Designing Board Games Prototypes

How can you make a clear and understandable board game prototype?

Maggie Box Board Games Steampunk Magpie with all the pieces to make a prototype.

Board game design is a thrilling journey filled with creativity and innovation. One crucial step in this process is creating a prototype that effectively communicates your game’s mechanics and potential. In this blog post, we’ll explore the essential elements of making a clear and understandable board game prototype, ensuring that your vision shines through.

Have a well designed concept

Before diving into prototype construction, ensure you have a well-defined game concept. Your prototype’s clarity begins with a clear understanding of your game’s purpose, theme, and core mechanics. Take the time to brainstorm and refine your idea to create a strong foundation.

What materials and elements should I use?

Selecting the right materials is essential for constructing your prototype. Opt for materials that enhance legibility, durability, and functionality. Clear components make it easier for playtesters to grasp the game’s mechanics and objectives. Think about cards, tokens, boards, and other elements with clarity in mind. As a side note we like to encourage Green Game Design as well. Consider the amount of materials you need to use, the size of the box, how you can trim things down and sustainable and environmentally healthy practises. You can read more about this in the Green Games Guide (

Maggie Magpie steampunk with all the game pieces for a prototype.
Maggie Magpie steampunk with all the game pieces for a prototype.

How can you convey board game information?

Effective graphic design is your ally in conveying your game’s message. Employ visual hierarchy, contrast, and consistency to guide players’ attention. Choose fonts, colors, and symbols that enhance clarity and understanding. Keep the design simple and user-friendly.

How do I know when it’s enough?

Simplicity is a virtue in board game design, especially for prototypes. Aim to eliminate unnecessary complexity in both rules and components. The clearer and more straightforward your game, the easier it is for playtesters to grasp and enjoy.

Are rulebooks important?

A well-structured rulebook or reference sheet is invaluable. Organize rules logically, use plain language, and include visual examples where necessary. Ensure that players can easily find answers to their questions and understand how to play.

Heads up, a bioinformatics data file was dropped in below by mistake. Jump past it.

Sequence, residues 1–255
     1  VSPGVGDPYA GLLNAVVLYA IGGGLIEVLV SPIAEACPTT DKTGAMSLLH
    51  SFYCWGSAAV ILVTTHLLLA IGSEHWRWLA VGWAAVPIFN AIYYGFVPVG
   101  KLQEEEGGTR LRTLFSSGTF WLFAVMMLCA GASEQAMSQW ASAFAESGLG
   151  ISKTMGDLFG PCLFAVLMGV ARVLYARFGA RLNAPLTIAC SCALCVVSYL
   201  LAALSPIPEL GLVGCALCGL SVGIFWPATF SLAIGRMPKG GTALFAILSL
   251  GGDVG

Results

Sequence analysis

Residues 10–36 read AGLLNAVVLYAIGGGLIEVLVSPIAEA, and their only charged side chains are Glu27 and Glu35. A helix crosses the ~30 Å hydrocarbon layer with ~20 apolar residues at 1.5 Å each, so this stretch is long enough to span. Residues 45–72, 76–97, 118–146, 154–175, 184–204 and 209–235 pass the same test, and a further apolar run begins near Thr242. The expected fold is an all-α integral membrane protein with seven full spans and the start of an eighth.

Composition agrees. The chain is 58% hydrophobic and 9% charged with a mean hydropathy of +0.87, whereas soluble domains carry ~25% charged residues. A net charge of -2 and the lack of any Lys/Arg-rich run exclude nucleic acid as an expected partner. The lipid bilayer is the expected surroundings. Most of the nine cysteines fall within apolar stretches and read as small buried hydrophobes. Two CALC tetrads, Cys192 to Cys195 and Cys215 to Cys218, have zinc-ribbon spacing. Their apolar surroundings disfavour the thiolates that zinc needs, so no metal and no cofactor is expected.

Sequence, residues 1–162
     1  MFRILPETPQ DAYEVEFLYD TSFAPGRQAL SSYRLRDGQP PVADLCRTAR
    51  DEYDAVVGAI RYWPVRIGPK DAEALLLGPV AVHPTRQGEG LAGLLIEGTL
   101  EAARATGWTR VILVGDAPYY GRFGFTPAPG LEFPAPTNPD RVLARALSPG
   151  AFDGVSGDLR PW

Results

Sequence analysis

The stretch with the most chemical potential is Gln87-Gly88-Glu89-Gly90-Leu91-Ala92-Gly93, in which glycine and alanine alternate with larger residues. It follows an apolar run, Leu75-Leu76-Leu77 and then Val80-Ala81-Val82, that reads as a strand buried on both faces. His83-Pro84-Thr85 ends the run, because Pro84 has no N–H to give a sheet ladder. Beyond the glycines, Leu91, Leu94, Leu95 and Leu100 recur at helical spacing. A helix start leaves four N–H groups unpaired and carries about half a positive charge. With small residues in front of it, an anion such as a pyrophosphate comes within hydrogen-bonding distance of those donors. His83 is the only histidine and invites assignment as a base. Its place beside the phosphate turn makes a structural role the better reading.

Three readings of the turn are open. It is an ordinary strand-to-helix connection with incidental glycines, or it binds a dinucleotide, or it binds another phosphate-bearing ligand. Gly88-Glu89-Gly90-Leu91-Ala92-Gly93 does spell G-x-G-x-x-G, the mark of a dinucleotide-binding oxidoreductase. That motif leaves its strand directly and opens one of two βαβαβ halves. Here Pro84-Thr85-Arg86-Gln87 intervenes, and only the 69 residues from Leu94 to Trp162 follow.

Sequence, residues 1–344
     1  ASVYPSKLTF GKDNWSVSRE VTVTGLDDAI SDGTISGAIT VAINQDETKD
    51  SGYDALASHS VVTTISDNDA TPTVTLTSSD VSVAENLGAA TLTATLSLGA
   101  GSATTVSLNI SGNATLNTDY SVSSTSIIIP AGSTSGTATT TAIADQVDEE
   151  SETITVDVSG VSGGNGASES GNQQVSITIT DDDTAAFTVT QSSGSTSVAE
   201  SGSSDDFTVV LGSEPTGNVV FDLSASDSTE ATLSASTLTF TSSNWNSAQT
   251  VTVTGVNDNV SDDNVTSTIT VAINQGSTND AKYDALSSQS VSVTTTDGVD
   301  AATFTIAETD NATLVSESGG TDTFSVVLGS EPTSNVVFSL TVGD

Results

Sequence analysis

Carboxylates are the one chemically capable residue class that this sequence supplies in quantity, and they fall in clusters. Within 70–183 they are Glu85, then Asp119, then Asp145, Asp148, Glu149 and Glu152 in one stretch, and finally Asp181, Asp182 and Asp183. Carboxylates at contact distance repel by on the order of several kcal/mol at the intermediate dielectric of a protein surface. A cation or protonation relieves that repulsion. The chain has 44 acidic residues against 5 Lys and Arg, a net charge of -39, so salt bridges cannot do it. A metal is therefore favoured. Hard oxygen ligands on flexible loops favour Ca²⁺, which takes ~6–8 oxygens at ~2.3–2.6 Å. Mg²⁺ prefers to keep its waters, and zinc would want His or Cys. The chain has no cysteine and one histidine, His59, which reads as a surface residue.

How important is playtesting?

Playtesting is the crucible where clarity is forged. Gather feedback from playtesters to identify areas of confusion or misunderstanding. Listen to their insights and make iterative improvements to your prototype based on their input. A prototype refined through playtesting is more likely to be understood by a wider audience.

Are player aids worth the time?

Consider including player aid cards or cheat sheets in your prototype. These handy tools provide quick references for players during the game. They can clarify complex rules, remind players of key actions, and enhance overall understanding.

Should I make a digital prototype?

Digital prototyping tools can simplify the process of creating clear and organized prototypes. Explore available software options designed for board game design, as they can help you design components and rulebooks with precision.

Should I show my prototype to others?

Don’t hesitate to share your prototype with others for feedback. Fresh perspectives can uncover areas for improvement that you might have overlooked. External feedback is a valuable resource in enhancing clarity.

As your prototype evolves, maintain version control to avoid confusion. Clearly label and document different versions of your game to prevent mix-ups and ensure consistency.

The board game design journey

Creating a clear and understandable board game prototype is an art that requires attention to detail, effective communication, and a commitment to simplicity. By starting with a strong concept, carefully selecting materials, and embracing graphic design principles, you can craft a prototype that effortlessly communicates your game’s brilliance. Playtesting and external feedback are essential steps to refine your prototype further, ensuring it’s accessible to a broader audience.

Remember that the journey of board game design is an ongoing process of learning and improvement. Your dedication to clarity and understandability will not only benefit your prototype but also enhance the gaming experience for your players. May your prototypes shine brightly, and your creativity continue to thrive.